Sonny Branch was a Hoddesdon boy and prior to the War lived there with his parents, his brother Don and sister Olive, working at the Co-Op in Amwell Street, before enlisting in 1942. Sonny told his family that he was determined to earn his Sergeant’s stripes and achieve the same rank his father had in the First World War.
Sonny trained in Gibraltar with the rest of the 1st Battalion before arriving in Italy in the Summer of 1944. The Battalion’s role that Autumn was to capture territory in the North of Italy. The territory was rocky, with the Germans having the advantage in many cases of higher ground, and the Regiment suffered heavy casualties. Sonny died of wounds on 10th November 1944, aged just 22.
Sonny was posthumously awarded the Distinguished Conduct Medal for his actions a month prior to the service that caused his fatal injuries. The recommendation for the award was made by Lt-Col Peters MC who described Sonny’s courage and leadership:
“DCM: Immediate Award
For conspicuous gallantry and devotion to duty at Banzuolo Ridge on 11 Oct 1944
On the night 10/11 Oct 1 Coy was ordered to capture and hold a prominent feature known as Banzuolo Ridge. The enemy were believed to be in some farm buildings at Pt 528 at the eastern end of the feature and in another farm at Pt 412 at western end. At approximately 0230 hrs on the 11 Oct the leading platoon came under heavy MG fire from the area of the buildings at Pt 528. They replied, and the enemy brought down defensive fire which pinned the leading platoon to the ground.
Sgt Branch who commanded the Reserve Platoon of 1 Coy was ordered to do a flanking attack on Pt 528. Time was short, and Sgt Branch quickly assembled his platoon in the bright light of a waning moon, and despite heavy mortar and artillery fire, led them safely to the forming up position. Sgt Branch personally led the assault, which was supported by fire from the remaining platoon. As he approached within twenty-five yards of the objective a Spandau opened up on his advancing men (by this time his covering fire had ceased). Quickly locating the post, Sgt Branch doubled forward and silenced it with a grenade, then shouting to his section commanders to follow his example he threw his remaining 77 and 36 grenades into the farm buildings which caught fire.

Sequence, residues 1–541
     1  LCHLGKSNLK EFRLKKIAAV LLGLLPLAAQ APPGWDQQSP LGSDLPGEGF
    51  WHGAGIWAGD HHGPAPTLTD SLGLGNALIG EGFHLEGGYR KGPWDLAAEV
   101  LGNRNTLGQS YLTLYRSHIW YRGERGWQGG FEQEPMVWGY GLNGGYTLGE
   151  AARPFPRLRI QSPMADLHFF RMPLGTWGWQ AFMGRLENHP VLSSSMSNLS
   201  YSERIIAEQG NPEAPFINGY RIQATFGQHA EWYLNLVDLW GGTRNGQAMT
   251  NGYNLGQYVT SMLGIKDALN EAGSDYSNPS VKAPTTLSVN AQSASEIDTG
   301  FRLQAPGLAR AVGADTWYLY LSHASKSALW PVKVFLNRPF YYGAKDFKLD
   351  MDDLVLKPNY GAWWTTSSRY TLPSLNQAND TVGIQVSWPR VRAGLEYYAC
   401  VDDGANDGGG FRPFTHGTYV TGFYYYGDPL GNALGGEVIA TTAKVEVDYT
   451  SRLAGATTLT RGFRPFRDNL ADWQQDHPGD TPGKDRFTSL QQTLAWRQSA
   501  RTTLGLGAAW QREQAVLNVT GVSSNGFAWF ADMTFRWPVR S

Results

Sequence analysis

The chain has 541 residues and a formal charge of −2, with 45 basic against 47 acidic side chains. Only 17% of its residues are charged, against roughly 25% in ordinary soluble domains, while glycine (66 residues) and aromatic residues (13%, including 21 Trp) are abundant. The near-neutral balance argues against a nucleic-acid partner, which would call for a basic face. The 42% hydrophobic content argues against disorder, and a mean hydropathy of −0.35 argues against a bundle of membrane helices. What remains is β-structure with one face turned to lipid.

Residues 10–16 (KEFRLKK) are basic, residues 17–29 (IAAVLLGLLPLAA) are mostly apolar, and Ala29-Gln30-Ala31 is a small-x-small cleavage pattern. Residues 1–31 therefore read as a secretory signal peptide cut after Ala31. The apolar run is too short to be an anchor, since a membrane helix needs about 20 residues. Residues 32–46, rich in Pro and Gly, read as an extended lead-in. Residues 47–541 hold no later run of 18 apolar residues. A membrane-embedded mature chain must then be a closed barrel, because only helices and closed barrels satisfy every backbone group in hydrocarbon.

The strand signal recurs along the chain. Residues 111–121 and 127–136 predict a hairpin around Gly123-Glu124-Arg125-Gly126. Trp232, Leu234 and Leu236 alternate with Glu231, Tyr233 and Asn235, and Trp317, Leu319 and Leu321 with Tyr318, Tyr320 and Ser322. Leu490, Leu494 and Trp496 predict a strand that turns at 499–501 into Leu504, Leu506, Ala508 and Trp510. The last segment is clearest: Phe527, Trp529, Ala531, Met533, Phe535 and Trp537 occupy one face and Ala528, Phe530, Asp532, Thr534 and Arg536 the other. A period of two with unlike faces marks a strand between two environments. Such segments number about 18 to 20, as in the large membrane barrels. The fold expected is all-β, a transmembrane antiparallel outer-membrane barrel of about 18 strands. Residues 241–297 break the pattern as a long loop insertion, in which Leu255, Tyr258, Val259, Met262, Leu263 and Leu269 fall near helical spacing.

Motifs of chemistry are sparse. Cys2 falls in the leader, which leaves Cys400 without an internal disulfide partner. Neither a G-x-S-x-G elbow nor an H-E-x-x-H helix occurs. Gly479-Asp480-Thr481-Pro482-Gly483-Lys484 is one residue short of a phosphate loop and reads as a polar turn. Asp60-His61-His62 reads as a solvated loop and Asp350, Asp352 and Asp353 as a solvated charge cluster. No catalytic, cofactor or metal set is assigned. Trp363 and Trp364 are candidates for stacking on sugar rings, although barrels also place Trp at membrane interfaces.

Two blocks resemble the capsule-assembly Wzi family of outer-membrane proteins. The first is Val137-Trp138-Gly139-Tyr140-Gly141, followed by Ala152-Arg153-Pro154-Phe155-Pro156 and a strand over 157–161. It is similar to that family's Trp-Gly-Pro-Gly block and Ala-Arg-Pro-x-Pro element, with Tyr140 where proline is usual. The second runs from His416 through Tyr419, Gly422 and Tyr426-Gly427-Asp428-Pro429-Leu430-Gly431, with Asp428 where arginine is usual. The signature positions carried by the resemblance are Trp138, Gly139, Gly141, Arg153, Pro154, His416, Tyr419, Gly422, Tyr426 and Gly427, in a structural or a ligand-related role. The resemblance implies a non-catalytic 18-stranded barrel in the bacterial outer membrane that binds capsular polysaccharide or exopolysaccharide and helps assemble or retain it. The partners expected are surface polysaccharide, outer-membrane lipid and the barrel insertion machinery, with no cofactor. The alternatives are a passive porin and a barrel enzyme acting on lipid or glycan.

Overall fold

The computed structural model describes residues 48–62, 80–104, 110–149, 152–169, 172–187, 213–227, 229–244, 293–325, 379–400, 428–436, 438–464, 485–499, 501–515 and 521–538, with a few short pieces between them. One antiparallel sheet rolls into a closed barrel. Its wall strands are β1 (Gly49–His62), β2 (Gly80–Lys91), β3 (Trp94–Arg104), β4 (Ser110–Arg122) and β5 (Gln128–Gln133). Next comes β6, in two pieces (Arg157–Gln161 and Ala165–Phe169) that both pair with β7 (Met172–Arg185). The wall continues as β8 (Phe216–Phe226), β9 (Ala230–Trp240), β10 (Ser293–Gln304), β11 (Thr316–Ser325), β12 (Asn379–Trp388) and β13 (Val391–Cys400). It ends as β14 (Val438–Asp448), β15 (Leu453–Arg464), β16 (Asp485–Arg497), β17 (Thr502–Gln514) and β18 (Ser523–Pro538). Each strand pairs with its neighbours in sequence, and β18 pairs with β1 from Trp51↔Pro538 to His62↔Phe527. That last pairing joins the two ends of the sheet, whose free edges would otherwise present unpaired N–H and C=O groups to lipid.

By his prompt action he succeeded in completely demoralising the enemy who hurriedly withdrew. The advance of the Coy continued and by daylight the eastern end of the objective had been gained. There can be no doubt that the ultimate success of the attack was primarily due to this NCO’s inspiring leadership and complete disregard for his own personal safety.”
Sonny’s achievements at Banzuolo Ridge were considerable, particularly given the conditions the Battalion were fighting in. The Regimental record states that “The weather now was appalling. Torrential rain and thick mud… the forward troops had a most unpleasant time.” Trenches were filled with water, supply lines were blocked and further advances over the next two weeks were unsuccessful with heavy casualties incurred. It is likely that Sonny met with the injuries that killed him at this time.
His Company Commander wrote to Sonny’s parents, saying: “I have been in the army for ten years and can truthfully say that I have never met a finer Sergeant than your son. He was more than an NCO to me and had proved himself time and time again as a competent and well-loved leader. The whole Company feel his loss greatly.”
Sonny’s Battalion Commander also wrote to the Branch family, underlining Sonny’s legacy and the impact he had made upon the Battalion:“…the death of your fine son is not all loss; the fine spirit that emanated from him is still amongst his comrades, the spirit of adventure, the spirit of duty, manliness and humbleness. When a young man of his character leaves us, it makes us all the more determined to do better ourselves for his sake.”
Sonny Branch is buried at the Faenza Commonwealth War Cemetery. Don Branch finally realised his dream of visiting his brother Sonny’s grave in 1990, and sprinkled some English soil there.